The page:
Todi, Italy 2018 ๐Ÿ‡ฎ๐Ÿ‡น

Date:  7th September 2018

Travelled:  106 kilometres from Sovana in Tuscany to Todi in Umbria, Italy.

Visited:  Citta del Tufa, Necropoli of Sovana โ‚ฌ5pp and the town of Todi

Stayed:  Todi car-park, free. Toilet + bin.  N42.77800, E12.40065

Budget:  96 days @ โ‚ฌ95 per day.

After getting our vowels muddled yesterday, we enjoyed a quiet night in Sovana.  We shared the car-park with a Swiss motorhome that werenโ€™t very friendly (probably something to do with Millman giving Roger a flogging the day before) and two young woman sleeping in a Ford Fiesta, good luck to that.

We make a bit of an early start.  The sign says โ€˜Paid Parkingโ€™ after 8am, but just to avoid a nasty council officer we are on our way by 9am.  Not far however just down the hill about 2 klms to the Parco Archeological โ€˜Citta del Tufaโ€™ car-park.

We have breakfast in the car-park waiting for the 10am opening time.  Go and pay a very uninterested young woman โ‚ฌ5pp and go for a walk.
Why are we visiting Etruscan ruins and tombs I here you say.  Well the Etruscans dominated central Italy for 400 year, basicaly till they we absorbed into the Roman Empire.  Like this once magnificient statue of a lion, they just eroded away.
This amazing sculpture of the winged demon Alati once graced the arch above a tomb.
The โ€˜Tombi dei Demoni Alatiโ€™, a lion in the foreground, partner of the one from the earlier photo.  The carving of the demon in the last photo, once lined the arch.
The โ€˜Tonba Ildebrandaโ€™ the largest of the tomb complexes here.
Just in case, you get lost.  The site here is spread over a large area, but essentially it involves walking 3 separate paths along the ridge and canyon.  Thereโ€™s probably an hours walking and 45 minutes of taking in the various tombs you find.
Inside one of the tombs.  Whilst the tombs at Tarquinia where deep underground, hence better preserved, the tombs at Sovana are much easier to access, mostly looted back in roman times according to the blurb.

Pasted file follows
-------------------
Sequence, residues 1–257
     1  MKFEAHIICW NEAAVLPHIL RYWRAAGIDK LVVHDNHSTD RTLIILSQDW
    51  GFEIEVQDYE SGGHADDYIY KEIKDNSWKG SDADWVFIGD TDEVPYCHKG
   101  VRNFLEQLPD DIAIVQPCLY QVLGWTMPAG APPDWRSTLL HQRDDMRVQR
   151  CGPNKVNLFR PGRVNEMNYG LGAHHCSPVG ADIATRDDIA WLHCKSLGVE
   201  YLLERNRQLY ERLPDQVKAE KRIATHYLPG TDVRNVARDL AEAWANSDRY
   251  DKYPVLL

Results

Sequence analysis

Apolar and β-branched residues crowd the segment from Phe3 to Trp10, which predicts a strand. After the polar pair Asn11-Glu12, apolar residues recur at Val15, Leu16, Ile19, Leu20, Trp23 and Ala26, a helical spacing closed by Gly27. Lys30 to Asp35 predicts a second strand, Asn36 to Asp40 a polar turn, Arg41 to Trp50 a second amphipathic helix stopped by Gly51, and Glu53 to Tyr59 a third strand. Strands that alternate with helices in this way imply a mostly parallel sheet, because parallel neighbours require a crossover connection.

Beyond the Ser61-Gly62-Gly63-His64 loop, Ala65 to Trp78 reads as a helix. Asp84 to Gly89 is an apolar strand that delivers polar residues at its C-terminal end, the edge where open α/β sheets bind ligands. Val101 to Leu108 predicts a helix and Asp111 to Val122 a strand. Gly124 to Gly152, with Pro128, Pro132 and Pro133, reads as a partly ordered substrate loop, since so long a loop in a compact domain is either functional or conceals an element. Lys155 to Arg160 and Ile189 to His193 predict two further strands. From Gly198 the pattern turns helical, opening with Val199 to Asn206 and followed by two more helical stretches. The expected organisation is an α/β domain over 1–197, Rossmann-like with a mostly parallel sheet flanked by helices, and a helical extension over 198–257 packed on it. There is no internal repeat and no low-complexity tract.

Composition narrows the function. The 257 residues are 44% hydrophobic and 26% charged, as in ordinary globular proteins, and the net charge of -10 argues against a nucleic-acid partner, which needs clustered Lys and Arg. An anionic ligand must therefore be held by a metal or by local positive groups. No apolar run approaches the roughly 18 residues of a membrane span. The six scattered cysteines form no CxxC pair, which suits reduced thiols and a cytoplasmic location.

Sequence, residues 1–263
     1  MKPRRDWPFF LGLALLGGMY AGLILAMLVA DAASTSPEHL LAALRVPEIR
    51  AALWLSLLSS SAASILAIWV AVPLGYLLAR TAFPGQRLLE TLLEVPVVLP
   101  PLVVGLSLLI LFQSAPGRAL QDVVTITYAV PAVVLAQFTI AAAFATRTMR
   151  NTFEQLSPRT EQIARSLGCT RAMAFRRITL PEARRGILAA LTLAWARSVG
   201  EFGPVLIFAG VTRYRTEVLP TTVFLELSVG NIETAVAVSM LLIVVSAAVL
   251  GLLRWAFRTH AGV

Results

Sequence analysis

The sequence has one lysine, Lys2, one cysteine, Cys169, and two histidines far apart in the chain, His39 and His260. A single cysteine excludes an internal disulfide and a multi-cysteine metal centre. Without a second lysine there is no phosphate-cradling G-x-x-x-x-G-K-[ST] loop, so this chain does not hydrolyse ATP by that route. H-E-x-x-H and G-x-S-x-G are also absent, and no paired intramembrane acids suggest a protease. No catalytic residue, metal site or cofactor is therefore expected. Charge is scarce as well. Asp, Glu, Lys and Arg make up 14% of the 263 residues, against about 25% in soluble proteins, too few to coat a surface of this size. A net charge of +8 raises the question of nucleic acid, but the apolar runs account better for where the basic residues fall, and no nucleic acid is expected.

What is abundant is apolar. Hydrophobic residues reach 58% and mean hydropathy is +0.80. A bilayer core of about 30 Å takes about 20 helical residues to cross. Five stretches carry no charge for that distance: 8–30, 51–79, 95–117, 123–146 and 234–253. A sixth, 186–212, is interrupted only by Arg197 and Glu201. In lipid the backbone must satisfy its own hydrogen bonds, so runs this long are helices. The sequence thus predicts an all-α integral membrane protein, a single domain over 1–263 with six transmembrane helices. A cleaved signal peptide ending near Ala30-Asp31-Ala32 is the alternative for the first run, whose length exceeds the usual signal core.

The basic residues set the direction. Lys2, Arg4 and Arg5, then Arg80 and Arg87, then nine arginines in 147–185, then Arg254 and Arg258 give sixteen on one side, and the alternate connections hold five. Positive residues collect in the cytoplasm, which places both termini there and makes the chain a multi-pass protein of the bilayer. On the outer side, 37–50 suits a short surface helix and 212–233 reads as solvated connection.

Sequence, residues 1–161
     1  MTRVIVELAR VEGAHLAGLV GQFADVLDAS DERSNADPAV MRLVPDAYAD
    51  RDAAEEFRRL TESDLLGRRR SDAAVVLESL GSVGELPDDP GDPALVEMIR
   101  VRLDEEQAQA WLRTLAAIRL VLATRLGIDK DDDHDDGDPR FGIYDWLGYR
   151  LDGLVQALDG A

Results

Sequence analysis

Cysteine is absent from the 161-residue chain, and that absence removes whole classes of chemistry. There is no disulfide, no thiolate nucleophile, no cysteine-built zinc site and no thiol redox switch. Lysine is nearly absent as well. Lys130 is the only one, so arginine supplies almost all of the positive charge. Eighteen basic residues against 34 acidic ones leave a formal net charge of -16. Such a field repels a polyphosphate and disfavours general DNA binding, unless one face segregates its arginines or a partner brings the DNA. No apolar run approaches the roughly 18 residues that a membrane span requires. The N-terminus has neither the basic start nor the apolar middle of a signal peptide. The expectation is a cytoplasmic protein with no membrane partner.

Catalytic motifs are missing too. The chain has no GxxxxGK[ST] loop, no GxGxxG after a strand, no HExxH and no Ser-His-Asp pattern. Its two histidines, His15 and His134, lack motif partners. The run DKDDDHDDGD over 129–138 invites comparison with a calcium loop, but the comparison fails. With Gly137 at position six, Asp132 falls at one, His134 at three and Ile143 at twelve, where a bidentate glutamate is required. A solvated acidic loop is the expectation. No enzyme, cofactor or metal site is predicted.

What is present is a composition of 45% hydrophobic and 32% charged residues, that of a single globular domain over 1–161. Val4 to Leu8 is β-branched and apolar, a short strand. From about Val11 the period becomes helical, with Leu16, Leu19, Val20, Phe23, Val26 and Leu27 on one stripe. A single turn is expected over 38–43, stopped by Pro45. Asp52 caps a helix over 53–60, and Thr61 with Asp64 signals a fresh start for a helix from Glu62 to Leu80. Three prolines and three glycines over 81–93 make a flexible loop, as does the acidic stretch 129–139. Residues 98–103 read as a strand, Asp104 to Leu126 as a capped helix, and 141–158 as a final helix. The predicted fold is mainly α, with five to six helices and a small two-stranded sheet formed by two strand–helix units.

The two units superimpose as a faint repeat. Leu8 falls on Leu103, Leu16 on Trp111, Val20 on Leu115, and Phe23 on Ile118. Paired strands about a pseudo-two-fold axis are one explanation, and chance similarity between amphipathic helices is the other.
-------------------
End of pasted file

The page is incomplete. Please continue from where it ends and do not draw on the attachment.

Walking up one of the canyons.
Every now and then you catch site of something.  A lot is not sign posted, so ?

Back in the Hymer again, arguing over which tomb was best, we have a coffee before travelling on.

A lovely grove of roadside trees mark the way to Orvieto.

Whilst Orvieto looks grand sitting on a large hill-top, we have set our sights further up the road today.  But we stop at the Lidl and have lunch in the car-park before continuing on.

Another hill-side village, with a name we cannot remember. The villages dispersed between groves of olive trees and vineyards make for an picturesque drive.  If your not busy dodging pot-holes of course.

We arrive in Todi and find a spot in the car-park below the old town.  At this stage we get a solid thunderstorm with some heavy rain.
Our first stop is the Church of St Mary Della Consolazione.  Its huge dome can be seen from miles away.

The main altar.

From the church we decide to take the short cut, via a set of stairs then walk the long way around on the road.  400+ stairs later the long way was looking a little easier.  Anyway looking across at the old town.
Finally at the top, we find the Rocco.  In Tuscany and Umbria they use the term Rocco rather than castle or cittadel.
On the Piazza del Popolo, looking up toward the Duomo or Cathedral.  As you can see it has started to drizzle but we have an umbrella.
Inside the duomo looking forward to the altar.
Turn around and look back towards the entrance, itโ€™s heaven and hell.  Just to remind you what happens if your naughty I suppose.  The rosette at the top is equally spectacular.
Some interesting frescos are preserved in one chapel.
So itโ€™s still drizzling a little, we find a little bar on the piazza with a large awning.  Order a drink and watch the people wander by.  An hour later we are walking back to the Hymer another dayโ€™s adventure in Umbria complete.

Michael and Pam

Leave a comment

Your email address will not be published. Required fields are marked *